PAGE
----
Friday, December 15, 2006

Bob Barr Joins Libertarian National Committee

Former U.S. Representative Bob Barr (R-Georgia) has surprised the political world by formally affiliating himself with the Libertarian Party and dissolving his ties to the Republican Party.

A news release on the LP web site explains that Barr has accepted a position on the Libertarian National Committee, as a regional representative of the party's equivalent of a board of directors.

The news release states in part:

LNC Chair William Redpath stated, "Bob Barr's willingness to serve as a leader of the Libertarian Party represents a significant and positive development for our organization. The Libertarian Party played a pivotal role in key races in 2006 and has emerged as a strong and principled political force."

Redpath continued, "The antiquated two-party system was dealt a blow today as we have welcomed a patriotic statesman into our ranks with the intent of using his vast experience and widespread respect to help recruit and elect Libertarian candidates of his caliber."

Barr's first official action as LNC representative will be to organize a meeting with state party leaders to address party building and political goals for 2007.

After accepting the position, former Congressman Barr stated, "I'm pleased to assist the Party of Principle in this capacity and hope to further our political success as we move closer to the 2008 election cycle. Being a member of this body is a serious and long-term commitment that I gladly accept. As importantly, I'm happy to announce that I am now a proud, card-carrying Libertarian who is committed to helping elect leaders who will strive for smaller government, lower taxes and abundant individual freedom. I encourage other Americans from across the political spectrum to join me."
The LP's news release also provided background information on the former legislator, who is the most prominent individual to join the LP in recent years. (Republican Congressman Ron Paul of Texas was the Libertarian candidate for president in 1988, when he was in retirement from Congress. In 1996, he regained a congressional seat despite virulent opposition from the GOP establishment.)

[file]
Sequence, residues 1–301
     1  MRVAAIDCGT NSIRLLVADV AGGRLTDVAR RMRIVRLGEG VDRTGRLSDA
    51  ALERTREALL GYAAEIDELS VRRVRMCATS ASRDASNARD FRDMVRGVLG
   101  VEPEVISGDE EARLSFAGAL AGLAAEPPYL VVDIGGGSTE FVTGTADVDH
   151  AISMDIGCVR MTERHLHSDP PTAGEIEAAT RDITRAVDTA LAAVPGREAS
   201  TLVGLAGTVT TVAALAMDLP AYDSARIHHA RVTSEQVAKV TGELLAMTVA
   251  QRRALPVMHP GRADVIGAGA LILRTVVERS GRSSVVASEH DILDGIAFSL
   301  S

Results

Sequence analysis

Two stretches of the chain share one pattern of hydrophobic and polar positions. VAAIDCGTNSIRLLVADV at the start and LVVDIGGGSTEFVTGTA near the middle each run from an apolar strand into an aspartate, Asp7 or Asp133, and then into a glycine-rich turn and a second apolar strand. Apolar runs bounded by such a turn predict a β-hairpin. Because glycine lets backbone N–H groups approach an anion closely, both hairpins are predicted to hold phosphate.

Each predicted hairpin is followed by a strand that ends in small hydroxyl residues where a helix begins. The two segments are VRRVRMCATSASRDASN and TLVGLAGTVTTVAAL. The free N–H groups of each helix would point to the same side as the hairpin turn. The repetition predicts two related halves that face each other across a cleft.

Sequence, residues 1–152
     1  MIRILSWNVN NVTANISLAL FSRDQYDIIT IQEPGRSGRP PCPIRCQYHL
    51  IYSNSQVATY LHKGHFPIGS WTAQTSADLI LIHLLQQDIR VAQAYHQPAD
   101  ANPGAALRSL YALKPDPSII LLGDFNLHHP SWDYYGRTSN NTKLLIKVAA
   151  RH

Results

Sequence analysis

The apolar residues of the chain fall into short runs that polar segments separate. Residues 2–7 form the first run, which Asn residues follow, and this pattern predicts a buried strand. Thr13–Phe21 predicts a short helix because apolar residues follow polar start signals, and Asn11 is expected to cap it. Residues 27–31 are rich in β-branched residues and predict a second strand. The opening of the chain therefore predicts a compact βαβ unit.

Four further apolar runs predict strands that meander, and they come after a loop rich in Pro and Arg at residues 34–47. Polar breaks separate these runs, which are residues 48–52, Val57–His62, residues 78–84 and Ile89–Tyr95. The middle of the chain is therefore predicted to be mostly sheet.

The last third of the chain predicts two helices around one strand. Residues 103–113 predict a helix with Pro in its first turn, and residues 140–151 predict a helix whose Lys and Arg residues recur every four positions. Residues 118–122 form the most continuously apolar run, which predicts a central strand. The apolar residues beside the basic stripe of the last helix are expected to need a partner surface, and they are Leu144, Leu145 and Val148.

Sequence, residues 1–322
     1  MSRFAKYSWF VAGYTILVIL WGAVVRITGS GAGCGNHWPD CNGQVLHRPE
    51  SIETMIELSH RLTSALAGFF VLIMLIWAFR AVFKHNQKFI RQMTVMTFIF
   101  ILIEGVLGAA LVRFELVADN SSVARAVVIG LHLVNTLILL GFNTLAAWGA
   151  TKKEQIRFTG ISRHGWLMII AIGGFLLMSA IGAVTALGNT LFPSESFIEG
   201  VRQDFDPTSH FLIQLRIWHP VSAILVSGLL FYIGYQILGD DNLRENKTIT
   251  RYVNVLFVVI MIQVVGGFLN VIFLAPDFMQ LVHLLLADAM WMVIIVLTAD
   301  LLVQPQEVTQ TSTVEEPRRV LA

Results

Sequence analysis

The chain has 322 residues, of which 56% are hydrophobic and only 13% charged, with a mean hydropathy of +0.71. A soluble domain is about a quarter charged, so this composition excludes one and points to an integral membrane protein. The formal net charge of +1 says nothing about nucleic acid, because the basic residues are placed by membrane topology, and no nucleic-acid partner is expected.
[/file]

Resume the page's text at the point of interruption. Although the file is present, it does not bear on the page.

According to the LP,
In addition to having served eight years in the House of Representatives, Barr serves as a Board Member of the National Rifle Association and is Chairman of Patriots to Restore Checks and Balances. He also is a member of The Constitution Project’s Initiative on Liberty and Security at Georgetown University. He advises a variety of public policy organizations, including the American Conservative Union and the American Civil Liberties Union. Barr is President and CEO of Liberty Strategies, an Atlanta-based consulting firm with offices in the Washington, DC area. He practices both civil and criminal law.
Reporting on the Barr/LP announcement, the Associated Press said:
Barr became a darling of conservatives over his persistent attacks on President Clinton in the 1990s.

At the same time, Barr showed an independent streak that at times frustrated Republicans.

He has frequently criticized President Bush over privacy concerns stemming from the Patriot Act and other federal anti-terrorism efforts.

Georgia Republican Party Chairman Marty Klein called the move disappointing, saying -- quote -- "We're leading based on principles here in Georgia."
(The Washington Post has a somewhat different version of the AP story on its own web site.)

Although the AP also noted that "Barr said he has no plans to run for office," one has to wonder whether he might not be persuaded to seek the LP's nomination for a congressional (or Senate) seat in Georgia or even for President in 2008. We'll wait and see.

My question is: Has Barr reversed his pro-drug war positions, which he has defended so vociferously (such as in debates with radio talk-show host Neal Boortz)? I hope so; he's too smart to continue supporting such a miserable failure.

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